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3G Phones: The ‘G’ Stands for Gonzo

If you still have a flip phone – and many people do – you’re likely on a 3G cellular network. It’s the same for anybody with an ancient smartphone. So, if you’ve been putting off that new phone purchase since, say 2010, it’s time to stop procrastinating. The 3G networks will be shut down this year, and there could be serious consequences.

As mobile carriers shut their 3G networks, many older cell phones will be unable to make or receive calls and texts, including calls to 911 or use data services. This will also affect certain older 4G mobile phones that do not support Voice over LTE (VoLTE or HD Voice).

It’s going to happen faster than you might expect. AT&T will finish shutting down its 3G network by next month. Verizon will finish its 3G shutdown by the end of this year. T-Mobile will finish shutting down Sprint’s 3G CDMA network by March 31, and Sprint’s 4G LTE network by June 30. It also will shut down T-Mobile’s 3G UMTS network by July 1. If your service is from Cricket, Boost, Straight Talk or several Lifeline mobile service providers, keep in mind they use AT&T’s, Verizon’s, and T-Mobile’s networks.

To find out if your phone is affected, we urge you to contact your carrier as soon as possible. And if your phone won’t be able to handle at least 4G LTE, you’ll need to replace it. You may want to do that sooner rather than later because there’s already a shortage of phones – just like there’s a shortage of everything else.

The 3G shutdown will affect more than phones. Other devices, such as certain medical devices, tablets, smartwatches, vehicle SOS services, home security systems and other connected products may be using 3G network services. Devices that use cellular connectivity as a backup when a wired internet connection goes down also use these old networks. If the device is not labeled, contact the monitoring company or other service provider to confirm how the device connects and whether your device may be affected.

If you’re wondering why the old networks are being shut down, we’ll put it in perspective for you. First, it’s not like the phone carriers are moving at light speed to make you buy new devices. 3G networks are 20 years old, and the older 2G networks were not shut down completely until 2017. In technology years, those networks border on being prehistoric.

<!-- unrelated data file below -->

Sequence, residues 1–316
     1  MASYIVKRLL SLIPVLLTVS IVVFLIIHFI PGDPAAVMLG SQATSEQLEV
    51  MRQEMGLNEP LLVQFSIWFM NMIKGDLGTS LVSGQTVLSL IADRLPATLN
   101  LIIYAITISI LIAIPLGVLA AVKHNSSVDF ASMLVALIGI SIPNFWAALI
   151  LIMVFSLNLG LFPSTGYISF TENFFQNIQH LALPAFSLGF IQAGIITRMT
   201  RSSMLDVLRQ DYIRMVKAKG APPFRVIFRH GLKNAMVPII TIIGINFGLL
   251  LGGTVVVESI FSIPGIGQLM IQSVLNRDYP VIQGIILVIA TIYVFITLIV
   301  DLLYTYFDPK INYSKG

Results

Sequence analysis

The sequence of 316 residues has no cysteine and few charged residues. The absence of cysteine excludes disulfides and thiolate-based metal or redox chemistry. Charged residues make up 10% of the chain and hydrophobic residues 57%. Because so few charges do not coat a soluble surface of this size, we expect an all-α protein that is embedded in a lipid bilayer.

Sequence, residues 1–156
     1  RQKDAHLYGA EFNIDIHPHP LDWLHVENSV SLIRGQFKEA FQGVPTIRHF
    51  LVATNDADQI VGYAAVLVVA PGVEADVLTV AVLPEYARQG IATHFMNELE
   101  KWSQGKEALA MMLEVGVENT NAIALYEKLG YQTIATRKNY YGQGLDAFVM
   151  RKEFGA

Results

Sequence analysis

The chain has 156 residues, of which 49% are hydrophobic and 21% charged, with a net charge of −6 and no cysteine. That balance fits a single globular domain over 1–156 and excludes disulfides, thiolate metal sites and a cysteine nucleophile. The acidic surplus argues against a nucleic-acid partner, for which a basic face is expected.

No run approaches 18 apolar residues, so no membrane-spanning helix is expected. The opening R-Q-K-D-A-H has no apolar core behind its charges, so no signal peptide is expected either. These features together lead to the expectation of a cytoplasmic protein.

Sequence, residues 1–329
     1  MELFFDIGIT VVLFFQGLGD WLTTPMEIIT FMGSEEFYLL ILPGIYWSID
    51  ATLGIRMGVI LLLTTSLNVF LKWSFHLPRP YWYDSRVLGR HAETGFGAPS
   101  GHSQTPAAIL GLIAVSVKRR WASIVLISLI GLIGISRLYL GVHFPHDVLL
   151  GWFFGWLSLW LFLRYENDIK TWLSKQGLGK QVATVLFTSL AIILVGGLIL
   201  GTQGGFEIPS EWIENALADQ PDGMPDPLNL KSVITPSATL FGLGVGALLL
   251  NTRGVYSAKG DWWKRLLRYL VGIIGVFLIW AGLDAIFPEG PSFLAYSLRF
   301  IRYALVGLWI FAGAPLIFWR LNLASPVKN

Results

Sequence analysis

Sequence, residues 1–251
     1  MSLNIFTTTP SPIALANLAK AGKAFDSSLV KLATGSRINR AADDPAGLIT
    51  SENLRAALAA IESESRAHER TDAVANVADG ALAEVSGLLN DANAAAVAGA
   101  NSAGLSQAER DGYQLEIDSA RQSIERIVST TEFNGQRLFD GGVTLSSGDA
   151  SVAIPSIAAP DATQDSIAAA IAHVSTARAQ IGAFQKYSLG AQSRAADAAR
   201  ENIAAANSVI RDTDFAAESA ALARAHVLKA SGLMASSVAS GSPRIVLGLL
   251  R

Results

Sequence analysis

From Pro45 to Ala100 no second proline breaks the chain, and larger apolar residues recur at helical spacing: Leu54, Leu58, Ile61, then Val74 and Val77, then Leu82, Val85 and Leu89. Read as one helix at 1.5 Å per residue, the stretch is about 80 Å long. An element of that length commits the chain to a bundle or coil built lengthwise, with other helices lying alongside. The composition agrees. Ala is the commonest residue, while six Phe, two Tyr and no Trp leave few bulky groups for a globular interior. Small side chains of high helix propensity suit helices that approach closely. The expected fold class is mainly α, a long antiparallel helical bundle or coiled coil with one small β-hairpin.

Second, newer technologies depend on moving more data at faster speeds to be reliable, and those include telemedicine, medical devices, enhanced systems that move your businesses forward, and the dawn of self-driving cars or safety enhancements for the cars you physically drive. The carriers need to use those parts of the wireless spectrum, which can carry signals over vast distances, to improve their service.

Third, 4G networks have been around since 2010. While they’re not ancient, we can see that they have a limited useful life. We can’t predict the future with precision, but we can reasonably infer from the history of technological development that a newer network (6G?) will come along faster than 5G did.

We almost always advise our clients to buy the most up-to-date technology. While it’s reasonable to assume you still have a number of good years left in a 4G-capable phone, you do run the risk of needing to replace it sooner than a 5G phone. If you still have a 3G phone, it’s obvious that you like to keep your phone as long as possible. But don’t rob Peter to pay Paul. If you want to save money, the iPhone 12 is Apple’s first phone with 5G capability. It’s already been superseded by the iPhone 13.

We can help you make sure your phone service can remain intact. We can guide you through the process to back up all the data on your phone and then help you decide which new phone will best meet your needs and budget. Call us – 973-433-6676 – or email us for an appointment.

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